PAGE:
|Paterson, J - MONTANA STATE UNIV|
|Ansotegui, R - MONTANA STATE UNIV|
|Lipsey, R - AMER SIMMENTAL ASSOC|
Submitted to: Journal of Animal Science Supplement
Publication Type: Abstract Only
Publication Acceptance Date: May 15, 2006
Publication Date: June 15, 2006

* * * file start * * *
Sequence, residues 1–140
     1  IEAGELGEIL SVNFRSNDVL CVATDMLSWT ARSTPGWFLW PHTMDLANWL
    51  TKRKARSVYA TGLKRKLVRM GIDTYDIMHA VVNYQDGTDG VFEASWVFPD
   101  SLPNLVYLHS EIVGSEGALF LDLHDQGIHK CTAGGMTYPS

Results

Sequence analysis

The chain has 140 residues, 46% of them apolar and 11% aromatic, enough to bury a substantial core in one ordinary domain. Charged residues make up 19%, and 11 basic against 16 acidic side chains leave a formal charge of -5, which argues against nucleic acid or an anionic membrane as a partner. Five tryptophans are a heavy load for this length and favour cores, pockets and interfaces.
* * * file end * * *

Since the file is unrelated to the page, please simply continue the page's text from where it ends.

Citation: Waterman, R.C., Geary, T.W., Paterson, J.A., Ansotegui, R.P., Lipsey, R.J. 2006. Performance of early weaned (~ 80 d) vs normal weaned (~ 215 day) calves in the Northern Great Plains. Journal of Animal Science Supplement 84(Suppl. 2):56. Technical Abstract: Early weaning, in spring calving production systems, has intrigued many producers to consider this alternative management practice especially during extended droughts and for young developing cows. The objective of the present study was to evaluate performance of early-weaned calves (approximately 80 d of age) and cost of production for two rations that were isonitrogenous and isocaloric but differing in ruminal degradable and undegradable protein (RDP and RUP respectively) compared to normal weaned calves (approximately 215 d of age). Three hundred seventy-three Simmental × Angus calves (108.2 ± 1.07 kg) were randomly allocated to one of three treatments: 1) Weaned and fed a 33:67 forage:concentrate diet containing 15.4 % CP (37 % RUP) and 1.57 Mcal of NEm/ kg (EW1); 2) Weaned and fed a 33:67 forage:concentrate diet containing 15.4 % CP (43 % RUP) and 1.62 Mcal of NEm/kg (EW2); or 3) suckled and grazed range forage until normal weaning (NW). Calf weight and age were similar at time of early weaning for all treatments (P > 0.10). At the time of normal weaning body weight was heavier (P > 0.01) for EW vs. NW steers and a tendency for EW2 steers to be heavier (P = 0.15) than EW1 steers. Similarly, EW heifers were heavier (P < 0.01) when compared to NW heifers; however, body weights at normal weaning did not differ between EW treatments (P = 0.62). Total cost'calf-1' d -1 was greater (P < 0.01) for EW treatments than NW; furthermore, calves receiving EW2 had a higher cost'calf-1' d -1 than calves receiving EW1. Value of calves at time of normal weaning were greater (P < 0.01) for all EW treatments when compared to NW calves ($816.55, $824.82, and $779.71, for EW1, EW2, and NW steers, respectively and $714.51, $718.75 and $686.55, for EW1, EW2, and NW heifers, respectively). Calf value did not differ between EW treatments (P > 0.10). This study demonstrates that early weaning may be an effective management option when forage is limited or removal of production pressures for young cows is desired; however, the additional calf value by itself was not enough to overcome cost of EW diets.